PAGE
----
Story: Tertiary education

Page 1. Universities before 1990

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The University of Otago – New Zealand’s first university – was founded by the Otago Provincial Council in 1869 and opened for teaching in 1871. After lobbying by prominent Canterbury men, who favoured a colonial university rather than separate provincial universities, the government passed legislation to create the University of New Zealand in 1870.

The university was an overarching entity to which local colleges (predecessors of today’s universities) were affiliated. Governed by a senate, the University of New Zealand conducted examinations and granted degrees, while teaching was carried out by the colleges. This system was criticised by reformers throughout the early 20th century, but remained in place until 1961.

Strong words

Provincial rivalries were evident during debates over the university question in the 1870s, as reflected in the language used by some of the players. In 1872 Henry Tancred of Canterbury described the University of Otago as a ‘complete sham’.1 During a parliamentary debate later that year, the University of New Zealand was on the receiving end. George O’Rorke, member for Onehunga and advocate of an independent university in Auckland, called it ‘that houseless and homeless University that, like a ghost, haunted the house [of parliament] session by session,’ while Alexander Bathgate of Dunedin rather intemperately described it as a ‘wretched abortion’.2

Canterbury College became the first affiliated college in 1873. It was followed by the University of Otago (which could no longer grant degrees of its own, but kept its title) in 1874, Auckland University College (1883) and Victoria University College (1899). Entry numbers were not restricted, though prospective students had to pass an entrance examination. In 1900, 805 students (including 305 women) were enrolled at the colleges. Early academic staff mainly came from overseas.

In an effort to ensure high standards and fairness, and for reasons of prestige, examination papers were marked in the UK from 1879 until the beginning of the Second World War in 1939.

Special schools

The universities provided students with a liberal education intended to broaden the mind, but special schools within the universities – medicine at Otago for instance – provided some graduates with particular employment prospects. The colleges competed to establish special schools and there was some duplication; for example both Auckland and Canterbury had schools of engineering, and Auckland and Otago had schools of mining.

Two universities developed from special schools. Lincoln University began life as Canterbury University College’s School of Agriculture in 1878 (and became a separate institution, Canterbury Agricultural College, in 1896), and Massey Agricultural College (later Massey University) was created when the agricultural schools of Auckland University College and Victoria University College were amalgamated at Palmerston North in 1927.

Early reforms

Because students paid to attend university, most enrolled part-time and worked when not studying. Limited bursaries were introduced in 1907, but this pattern continued. In 1925, of the 3,850 university students, 54% were part-time and 32% full-time. The remaining 14% were teachers’ college students.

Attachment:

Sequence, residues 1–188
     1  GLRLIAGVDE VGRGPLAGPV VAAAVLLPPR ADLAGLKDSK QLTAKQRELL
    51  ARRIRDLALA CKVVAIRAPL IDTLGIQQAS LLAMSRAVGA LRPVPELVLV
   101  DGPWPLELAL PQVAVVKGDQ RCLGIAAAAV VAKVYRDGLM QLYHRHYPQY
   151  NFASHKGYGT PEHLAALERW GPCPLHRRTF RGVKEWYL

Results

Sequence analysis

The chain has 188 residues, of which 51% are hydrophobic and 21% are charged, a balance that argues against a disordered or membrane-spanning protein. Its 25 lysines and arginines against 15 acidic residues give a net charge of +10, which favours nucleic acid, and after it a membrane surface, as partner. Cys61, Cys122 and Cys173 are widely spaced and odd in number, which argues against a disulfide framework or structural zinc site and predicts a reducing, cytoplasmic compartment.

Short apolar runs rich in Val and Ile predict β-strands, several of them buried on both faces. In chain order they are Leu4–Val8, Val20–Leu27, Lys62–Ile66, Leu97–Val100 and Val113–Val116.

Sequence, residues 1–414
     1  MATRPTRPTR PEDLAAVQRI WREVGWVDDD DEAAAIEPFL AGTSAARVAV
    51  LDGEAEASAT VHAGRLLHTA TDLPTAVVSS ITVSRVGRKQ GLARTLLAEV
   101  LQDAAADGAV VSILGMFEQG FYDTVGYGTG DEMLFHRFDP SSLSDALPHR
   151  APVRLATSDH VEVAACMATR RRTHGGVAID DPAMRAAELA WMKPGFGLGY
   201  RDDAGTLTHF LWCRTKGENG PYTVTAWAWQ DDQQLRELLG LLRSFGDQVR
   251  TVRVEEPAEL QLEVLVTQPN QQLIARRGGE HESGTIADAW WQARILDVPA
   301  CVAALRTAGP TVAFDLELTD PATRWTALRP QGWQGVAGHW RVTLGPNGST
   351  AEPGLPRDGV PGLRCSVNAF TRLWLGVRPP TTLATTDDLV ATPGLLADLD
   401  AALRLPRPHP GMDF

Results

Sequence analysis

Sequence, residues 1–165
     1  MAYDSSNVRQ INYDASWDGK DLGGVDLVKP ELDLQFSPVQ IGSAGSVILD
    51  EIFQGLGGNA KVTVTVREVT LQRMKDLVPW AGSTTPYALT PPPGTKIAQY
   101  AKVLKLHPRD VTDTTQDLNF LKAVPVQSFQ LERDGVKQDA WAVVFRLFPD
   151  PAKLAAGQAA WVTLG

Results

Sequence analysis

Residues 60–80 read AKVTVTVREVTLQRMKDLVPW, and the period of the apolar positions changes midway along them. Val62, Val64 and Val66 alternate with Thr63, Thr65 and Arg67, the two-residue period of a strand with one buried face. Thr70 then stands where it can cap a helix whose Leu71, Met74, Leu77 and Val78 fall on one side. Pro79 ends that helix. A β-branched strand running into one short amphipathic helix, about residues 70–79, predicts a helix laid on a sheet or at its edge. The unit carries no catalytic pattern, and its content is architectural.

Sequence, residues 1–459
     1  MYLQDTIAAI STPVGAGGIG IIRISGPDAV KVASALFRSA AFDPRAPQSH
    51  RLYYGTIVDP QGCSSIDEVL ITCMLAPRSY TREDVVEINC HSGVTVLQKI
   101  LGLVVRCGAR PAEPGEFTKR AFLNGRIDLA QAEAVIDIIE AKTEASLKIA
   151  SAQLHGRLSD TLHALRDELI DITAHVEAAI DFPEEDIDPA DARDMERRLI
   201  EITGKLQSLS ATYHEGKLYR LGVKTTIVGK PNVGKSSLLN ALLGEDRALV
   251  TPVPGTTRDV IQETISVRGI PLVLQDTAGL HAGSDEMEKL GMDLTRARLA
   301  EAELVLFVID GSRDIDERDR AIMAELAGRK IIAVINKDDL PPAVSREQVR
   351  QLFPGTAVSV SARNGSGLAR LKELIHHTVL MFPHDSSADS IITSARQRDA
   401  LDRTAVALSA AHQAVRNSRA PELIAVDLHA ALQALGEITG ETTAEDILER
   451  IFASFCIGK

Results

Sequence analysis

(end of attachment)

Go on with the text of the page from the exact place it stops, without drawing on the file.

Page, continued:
Academics had little control over degree content and staff appointments, and few opportunities to conduct research. After lobbying by academics the Board of Studies (comprised of academics) was set up in 1915 to advise the governing senate on courses of study and exams. This was superseded by the Academic Board (1927–61).

University funding increased under the first Labour government (1935–49). In 1948 the University Grants Committee was established. It received block grants from the government and distributed funds to the colleges largely to spend as they saw fit.

Professional students

Part-time study necessarily meant that degrees took a long time to complete. Between 1953 and 1959, 115 students completed the bachelor of commerce degree at Victoria University College. Only one student completed it within 3 years and the average was 8.5 years. One student took 26 years.


Continued enrolment growth put pressure on the existing university system. Enrolments grew from 5,101 in 1935 to 11,515 in 1950. This led to the establishment in 1959 of a committee to investigate entry requirements, enrolment patterns, staff salaries, staff-to-student ratios and the university structure.

The government implemented the committee’s extensive recommendations. The most significant related to structure: in 1961 the University of New Zealand was dissolved and the colleges became independent universities. Canterbury Agricultural College was the exception – it was renamed Lincoln College and was affiliated to Canterbury University until 1990.

The University of Waikato, in Hamilton, opened in 1964.


A comprehensive bursary system, which largely covered fees and boarding costs, was established in 1962. This encouraged more full-time enrolments. At the University of Auckland, for example, 36% of students were enrolled full-time in 1962, compared to 72% in 1969. Total enrolments at all universities grew from 16,524 in 1960 to 78,919 in 1990.

  1. Quoted in J. C. Beaglehole, The University of New Zealand: an historical study. Wellington: New Zealand Council for Educational Research, 1937, p. 82. Back
  2. Quoted in The University of New Zealand, p. 87. Back
How to cite this page:

Kerryn Pollock, 'Tertiary education - Universities before 1990', Te Ara - the Encyclopedia of New Zealand, (accessed 16 June 2024)

Story by Kerryn Pollock, published 20 Jun 2012